Главная страница Случайная страница
АвтомобилиАстрономияБиологияГеографияДом и садДругие языкиДругоеИнформатикаИсторияКультураЛитератураЛогикаМатематикаМедицинаМеталлургияМеханикаОбразованиеОхрана трудаПедагогикаПолитикаПравоПсихологияРелигияРиторикаСоциологияСпортСтроительствоТехнологияТуризмФизикаФилософияФинансыХимияЧерчениеЭкологияЭкономикаЭлектроника
The Role of Sound Phenomena in Communication
1. The goals of the course.
2. Phonetics as a linguistic science.
3. The phonetic system of a language.
4. Branches of phonetics.
5. The problem of the definition of the phoneme.
6. the material aspect of the phoneme.
7. The abstract aspect of the phoneme.
8. The functional aspect of the phoneme.
The course proposed has two objectives in view: first, to give the prospective teachers of English necessary information on theoretical problems of English phonetics; second, to acquaint students with some of the diverse/controversial views of Russian and foreign linguists, putting forward the opinions of the foremost linguists on the points at issue and expressing their attitude to them. An attempt has also been made to show the relevance of theoretical studies in solving practical problems connected with language teaching.
The language, the most important means of human intercourse, exists in the material form of speech sounds. It cannot exist without being spoken. Segmental sounds and prosodic features are linguistic phenomena. Representing language units in actual speech, they perform certain linguistic functions: constitutive, distinctive and identificatory functions.
The phonetic system of a language is a set of phonetic units arranged in an orderly way to replace each other in a given framework. In fact it contains two systems (levels) – segmental and suprasegmental (prosodic), each of which is a specially organized language system with a certain number of its units. Segmental units are vowels and consonants which form the vocalic and the consonantal subsystems. Prosodic units are syllables, accentual (rhythmic) units, intonation groups, utterances, which form the subsystems of pitch, stress, rhyme, tempo, pauses. Sound phenomena have different aspects, which are closely interconnected: the articulatory aspect, the acoustic, the auditory and the linguistic aspects.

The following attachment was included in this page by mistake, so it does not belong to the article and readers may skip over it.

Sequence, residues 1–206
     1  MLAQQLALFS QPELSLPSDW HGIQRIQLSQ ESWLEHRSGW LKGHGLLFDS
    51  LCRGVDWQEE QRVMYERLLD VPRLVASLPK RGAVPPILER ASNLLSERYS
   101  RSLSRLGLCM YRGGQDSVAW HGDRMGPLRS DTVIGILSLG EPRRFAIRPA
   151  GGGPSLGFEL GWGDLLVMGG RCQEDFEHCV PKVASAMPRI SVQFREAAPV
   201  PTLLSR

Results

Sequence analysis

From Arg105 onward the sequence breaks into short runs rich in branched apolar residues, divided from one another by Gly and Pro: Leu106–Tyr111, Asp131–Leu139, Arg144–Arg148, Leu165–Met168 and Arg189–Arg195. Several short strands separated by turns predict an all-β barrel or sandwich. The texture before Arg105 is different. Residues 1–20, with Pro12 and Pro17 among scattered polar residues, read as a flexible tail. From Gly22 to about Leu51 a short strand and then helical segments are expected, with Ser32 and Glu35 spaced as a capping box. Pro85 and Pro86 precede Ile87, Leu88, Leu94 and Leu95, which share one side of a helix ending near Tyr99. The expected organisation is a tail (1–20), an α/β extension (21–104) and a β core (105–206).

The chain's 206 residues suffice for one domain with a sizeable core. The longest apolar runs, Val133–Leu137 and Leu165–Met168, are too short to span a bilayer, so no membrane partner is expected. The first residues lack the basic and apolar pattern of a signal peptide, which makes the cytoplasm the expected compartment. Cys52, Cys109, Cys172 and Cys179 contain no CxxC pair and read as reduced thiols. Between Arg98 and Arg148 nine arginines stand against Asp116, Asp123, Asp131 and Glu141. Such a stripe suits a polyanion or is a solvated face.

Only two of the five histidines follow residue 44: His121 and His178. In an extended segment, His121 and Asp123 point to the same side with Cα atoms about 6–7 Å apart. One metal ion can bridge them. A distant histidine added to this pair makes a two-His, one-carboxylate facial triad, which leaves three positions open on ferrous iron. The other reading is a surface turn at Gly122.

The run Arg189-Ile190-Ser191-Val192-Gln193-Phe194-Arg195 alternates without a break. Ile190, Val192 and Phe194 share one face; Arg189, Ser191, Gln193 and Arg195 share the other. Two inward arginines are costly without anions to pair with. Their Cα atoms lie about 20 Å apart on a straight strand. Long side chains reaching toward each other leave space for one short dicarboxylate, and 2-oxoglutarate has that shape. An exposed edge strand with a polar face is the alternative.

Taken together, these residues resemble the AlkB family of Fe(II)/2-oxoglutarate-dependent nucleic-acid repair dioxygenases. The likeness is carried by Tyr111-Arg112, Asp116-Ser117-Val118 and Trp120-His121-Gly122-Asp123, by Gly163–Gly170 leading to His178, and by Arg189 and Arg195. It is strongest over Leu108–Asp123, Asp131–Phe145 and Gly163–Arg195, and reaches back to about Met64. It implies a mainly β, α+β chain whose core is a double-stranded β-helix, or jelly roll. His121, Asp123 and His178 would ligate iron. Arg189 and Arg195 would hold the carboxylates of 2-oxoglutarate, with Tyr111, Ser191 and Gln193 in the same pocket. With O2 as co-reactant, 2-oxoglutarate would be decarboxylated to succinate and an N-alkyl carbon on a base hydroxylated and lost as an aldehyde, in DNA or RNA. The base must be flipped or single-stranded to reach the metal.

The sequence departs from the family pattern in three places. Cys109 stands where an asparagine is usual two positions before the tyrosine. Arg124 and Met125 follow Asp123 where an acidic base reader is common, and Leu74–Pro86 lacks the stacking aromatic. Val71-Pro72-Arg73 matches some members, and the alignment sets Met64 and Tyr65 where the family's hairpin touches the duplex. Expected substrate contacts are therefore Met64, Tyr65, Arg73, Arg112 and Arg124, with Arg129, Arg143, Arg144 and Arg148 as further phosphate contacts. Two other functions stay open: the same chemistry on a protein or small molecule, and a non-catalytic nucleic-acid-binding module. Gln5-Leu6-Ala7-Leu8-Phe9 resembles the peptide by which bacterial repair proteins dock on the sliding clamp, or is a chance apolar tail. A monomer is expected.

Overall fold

Depending on which of sound phenomena is studied, phonetics is subdivided into four main branches:
• articulatory phonetics
• perceptual (auditory) phonetics
• acoustic phonetics
• phonology (functional phonetics)
Phonology deals with the functional aspect of sound phenomena. Phonology sets out to discover those segmental and prosodic features that have a differential value in a language, and it establishes the system of phonemes and prosodemes.
The best definition of the phoneme is introduced by professor Vassilyev since it embraces the main aspect further of the phoneme: «The phoneme is the smallest further indivisible language unit that exists in the speech of all the members of a given language community as such speech sounds which are capable of distinguishing one word from another word of the same language or one grammatical form of a word from another grammatical form of a same word». The definition of the phoneme embraces three aspects of phoneme: material, abstract (generalized) and functional.
The phoneme has a material aspect which is manifested in speech in the material form of speech sounds. In other words, phonemes exist in the form of allophones/variants, i.e. speech sounds.
The phoneme has an abstract aspect which is reflected in the definition of the phoneme as a language unit. The phoneme is abstracted from its variants/speech sounds and is characterized by features that are common to all its variants.
The functional aspect of the phoneme is reflected in the definition of the phoneme as the smallest language unit capable of differentiating words and their grammatical forms. This function is the principal one. It is called the distinctive function. The distinctive function of the phoneme is subdivided into: